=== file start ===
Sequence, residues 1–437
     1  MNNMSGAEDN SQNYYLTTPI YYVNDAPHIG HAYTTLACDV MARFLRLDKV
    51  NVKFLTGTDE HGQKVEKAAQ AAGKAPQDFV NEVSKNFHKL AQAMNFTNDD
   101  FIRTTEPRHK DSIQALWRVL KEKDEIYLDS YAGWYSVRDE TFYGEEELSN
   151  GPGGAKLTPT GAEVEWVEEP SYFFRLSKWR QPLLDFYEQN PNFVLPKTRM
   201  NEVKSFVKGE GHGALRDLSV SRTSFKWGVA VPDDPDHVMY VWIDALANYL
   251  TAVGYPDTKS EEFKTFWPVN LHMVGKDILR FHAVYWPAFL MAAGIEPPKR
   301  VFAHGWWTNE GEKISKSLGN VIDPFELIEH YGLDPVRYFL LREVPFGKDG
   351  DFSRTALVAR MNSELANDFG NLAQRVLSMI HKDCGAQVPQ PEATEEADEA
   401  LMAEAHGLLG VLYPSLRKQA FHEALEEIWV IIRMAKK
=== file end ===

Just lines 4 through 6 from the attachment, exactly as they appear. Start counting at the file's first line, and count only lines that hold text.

   101  FIRTTEPRHK DSIQALWRVL KEKDEIYLDS YAGWYSVRDE TFYGEEELSN
   151  GPGGAKLTPT GAEVEWVEEP SYFFRLSKWR QPLLDFYEQN PNFVLPKTRM
   201  NEVKSFVKGE GHGALRDLSV SRTSFKWGVA VPDDPDHVMY VWIDALANYL